U.S. HISTORY II (College Prep)
    Content and time period as described in levels 1 & 2. The instructional pace is less rigorous than levels 1& 2, but is designed to prepare students for two-year colleges, community and vocational schools, as well as the world of work.

    U.S. HISTORY II (Modified)
    As described in Level 2 except greater emphasis is placed on remediation and individual needs of the student.

    U.S. HISTORY II (P.R.)
    Available for students in need of individualized or small group instruction, with Child Study Team approval. This course covers the historical period of Reconstruction to the present, with an emphasis on international, social and economic developments of our current society. Class discussion, critical thinking, and organizational skills are emphasized.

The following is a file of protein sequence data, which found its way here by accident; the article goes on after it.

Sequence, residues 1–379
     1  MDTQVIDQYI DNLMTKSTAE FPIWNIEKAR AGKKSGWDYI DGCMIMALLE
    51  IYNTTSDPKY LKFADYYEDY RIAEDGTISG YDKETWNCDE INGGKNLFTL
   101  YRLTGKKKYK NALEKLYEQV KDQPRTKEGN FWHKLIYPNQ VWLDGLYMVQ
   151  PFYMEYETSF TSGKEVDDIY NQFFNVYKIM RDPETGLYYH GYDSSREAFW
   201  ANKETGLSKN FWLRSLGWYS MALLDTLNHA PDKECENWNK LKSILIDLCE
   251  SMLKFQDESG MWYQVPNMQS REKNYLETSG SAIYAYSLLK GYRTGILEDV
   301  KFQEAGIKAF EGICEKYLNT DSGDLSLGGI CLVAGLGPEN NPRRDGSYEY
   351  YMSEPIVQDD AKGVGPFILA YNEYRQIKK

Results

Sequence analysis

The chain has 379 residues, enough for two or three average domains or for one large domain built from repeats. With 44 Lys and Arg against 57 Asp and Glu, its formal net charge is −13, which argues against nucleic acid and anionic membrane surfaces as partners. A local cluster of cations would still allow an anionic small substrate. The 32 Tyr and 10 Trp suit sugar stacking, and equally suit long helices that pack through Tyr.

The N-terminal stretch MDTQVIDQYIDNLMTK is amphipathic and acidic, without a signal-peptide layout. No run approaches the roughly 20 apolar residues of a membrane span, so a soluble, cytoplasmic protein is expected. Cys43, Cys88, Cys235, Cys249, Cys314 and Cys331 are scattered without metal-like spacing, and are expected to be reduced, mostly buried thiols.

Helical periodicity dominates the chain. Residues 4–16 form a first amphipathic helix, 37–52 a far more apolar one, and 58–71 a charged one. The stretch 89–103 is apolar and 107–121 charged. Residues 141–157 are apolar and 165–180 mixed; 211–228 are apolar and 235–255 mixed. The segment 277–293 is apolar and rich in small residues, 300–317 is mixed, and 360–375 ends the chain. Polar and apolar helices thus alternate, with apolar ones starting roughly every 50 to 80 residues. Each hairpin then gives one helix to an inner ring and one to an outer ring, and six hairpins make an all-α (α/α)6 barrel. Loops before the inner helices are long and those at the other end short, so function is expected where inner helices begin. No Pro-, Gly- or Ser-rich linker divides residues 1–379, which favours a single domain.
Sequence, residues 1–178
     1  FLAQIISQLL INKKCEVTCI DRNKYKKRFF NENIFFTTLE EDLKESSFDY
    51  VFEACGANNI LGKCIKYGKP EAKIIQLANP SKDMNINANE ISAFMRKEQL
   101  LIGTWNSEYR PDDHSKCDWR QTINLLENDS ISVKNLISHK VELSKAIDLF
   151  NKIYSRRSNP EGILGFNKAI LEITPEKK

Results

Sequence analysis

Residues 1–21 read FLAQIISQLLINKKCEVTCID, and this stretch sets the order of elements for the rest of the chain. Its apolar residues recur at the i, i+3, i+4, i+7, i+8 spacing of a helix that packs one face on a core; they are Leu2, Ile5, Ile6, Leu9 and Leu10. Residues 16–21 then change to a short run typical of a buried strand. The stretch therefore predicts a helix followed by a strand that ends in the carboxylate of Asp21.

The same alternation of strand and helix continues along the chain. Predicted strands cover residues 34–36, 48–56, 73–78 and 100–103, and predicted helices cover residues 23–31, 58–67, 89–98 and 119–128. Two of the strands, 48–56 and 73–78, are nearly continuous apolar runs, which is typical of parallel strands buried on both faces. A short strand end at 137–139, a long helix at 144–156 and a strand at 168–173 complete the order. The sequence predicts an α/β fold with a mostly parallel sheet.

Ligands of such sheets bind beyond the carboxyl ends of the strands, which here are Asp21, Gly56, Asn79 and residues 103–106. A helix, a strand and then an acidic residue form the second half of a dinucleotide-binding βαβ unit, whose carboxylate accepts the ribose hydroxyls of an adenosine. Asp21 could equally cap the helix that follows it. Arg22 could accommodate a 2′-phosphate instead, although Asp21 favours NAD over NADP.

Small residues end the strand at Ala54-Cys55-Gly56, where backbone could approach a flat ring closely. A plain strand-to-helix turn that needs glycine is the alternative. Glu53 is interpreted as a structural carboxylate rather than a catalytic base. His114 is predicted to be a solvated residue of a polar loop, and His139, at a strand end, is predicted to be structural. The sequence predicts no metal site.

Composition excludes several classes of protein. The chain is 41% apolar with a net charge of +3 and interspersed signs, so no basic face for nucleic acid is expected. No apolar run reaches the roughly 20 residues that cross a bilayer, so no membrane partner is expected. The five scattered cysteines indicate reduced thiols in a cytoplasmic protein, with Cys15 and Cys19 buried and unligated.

WORLD CULTURES

    *WORLD CULTURES (Honors and Accelerated)
    A study of the geography, history and philosophies, governments, arts, economics, and social systems of the major cultural areas. Students will be able to identify and locate the political divisions and describe the physical characteristics including climate and landforms for each of the cultural regions. Students will acquire a historical understanding of each cultural region including political, economic, and religious events that shaped the region with an emphasis on understanding their impact on present global situations. Students will be able to describe, compare, and analyze the elements of culture, and recognize that these elements are interrelated. Cultural regions studied are Latin America, Sub- Saharan Africa, North Africa and the Middle East, Europe and Russia, South Asia, East Asia, and Southeast Asia and the Pacific. *Level 1 also is offered at Cherokee, Shawnee and Seneca as a BCC CAP Course.

    WORLD CULTURES (College Prep)
    Content and time period as described in levels 1 & 2. The instructional pace is less rigorous than levels 1 & 2, but is designed to prepare students for two-year colleges, community and vocational schools, as well as the world of work.